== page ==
Foreign Relations & International Law

State Department Issues Arms Transfer Assurance Report

Matt Gluck
Friday, May 10, 2024, 7:33 PM
The department finds insufficient evidence of IHL violations to cut off U.S. weapons to partners actively engaged in conflict.

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On May 10, Secretary of State Antony Blinken released the State Department’s “Report to Congress under Section 2 of the National Security Memorandum on Safeguards and Accountability with Respect to Transferred Defense Articles and Defense Services (NSM-20).” 

On Feb. 8, President Biden issued NSM-20, which required the secretary of state to obtain from foreign governments that receive U.S. weapons and, in certain cases, other U.S. military assistance “credible and reliable written assurances” that they were using U.S. weapons and services “in accordance with international humanitarian law and, as applicable, other international law.”  The memo also required the secretary of state to receive assurances that recipient countries were enabling the delivery of U.S. or U.S.-supported humanitarian assistance. 

For countries the secretary of state determined were engaged as of the date the memo was issued “in an active armed conflict” in which U.S. weapons or military services were being used, the secretary was required by the memo to obtain compliance assurances within 45 days of the issuance of the memo—without which the transfer of weapons and the provision of services were supposed to be paused. The secretary was given 180 days to obtain assurances from other countries. 

The State Department’s report issued today identifies seven countries fighting active armed conflicts and using U.S. defense articles: “Colombia, Iraq, Israel, Kenya, Nigeria, Somalia, and Ukraine.” The secretary writes that each of those countries submitted assurances, which the department reviewed by March 24—45 days after Biden’s issuance of NSM-20.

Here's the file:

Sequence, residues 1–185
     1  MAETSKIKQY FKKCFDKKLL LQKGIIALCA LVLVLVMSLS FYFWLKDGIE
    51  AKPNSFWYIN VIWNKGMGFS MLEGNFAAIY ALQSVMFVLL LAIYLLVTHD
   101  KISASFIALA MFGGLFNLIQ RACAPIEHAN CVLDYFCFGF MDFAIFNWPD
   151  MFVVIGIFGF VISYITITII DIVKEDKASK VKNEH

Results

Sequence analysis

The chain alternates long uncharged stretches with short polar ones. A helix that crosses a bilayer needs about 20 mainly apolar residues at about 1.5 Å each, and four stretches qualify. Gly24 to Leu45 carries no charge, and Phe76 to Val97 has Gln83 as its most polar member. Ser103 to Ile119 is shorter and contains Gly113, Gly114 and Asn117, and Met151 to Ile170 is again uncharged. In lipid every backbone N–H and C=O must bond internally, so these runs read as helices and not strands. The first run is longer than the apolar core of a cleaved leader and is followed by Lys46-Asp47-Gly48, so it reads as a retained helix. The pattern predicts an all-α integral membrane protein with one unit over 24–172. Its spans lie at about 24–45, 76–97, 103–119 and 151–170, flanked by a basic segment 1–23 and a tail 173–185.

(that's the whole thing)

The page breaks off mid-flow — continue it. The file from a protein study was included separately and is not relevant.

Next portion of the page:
The department determines that while certain circumstances raise concerns, the U.S. government at the moment deems the assurances "credible and reliable so as to allow the provision of defense articles covered under NSM-20 to continue.”

With respect to Israel in particular, the department writes that while “it is difficult to assess or reach conclusive findings on individual incidents … it is reasonable to assess that defense articles covered under NSM-20 have been used by Israeli security forces since October 7 in instances inconsistent with its IHL obligations or with established best practices for mitigating civilian harm.” Regarding humanitarian aid, the department states that it does not “currently assess that the Israeli government is prohibiting or otherwise restricting the transport or delivery of U.S. humanitarian assistance within the meaning of section 620I of the Foreign Assistance Act.”

You can read the report here or below.

Matt Gluck is a research fellow at Lawfare. He holds a BA in government from Dartmouth College.

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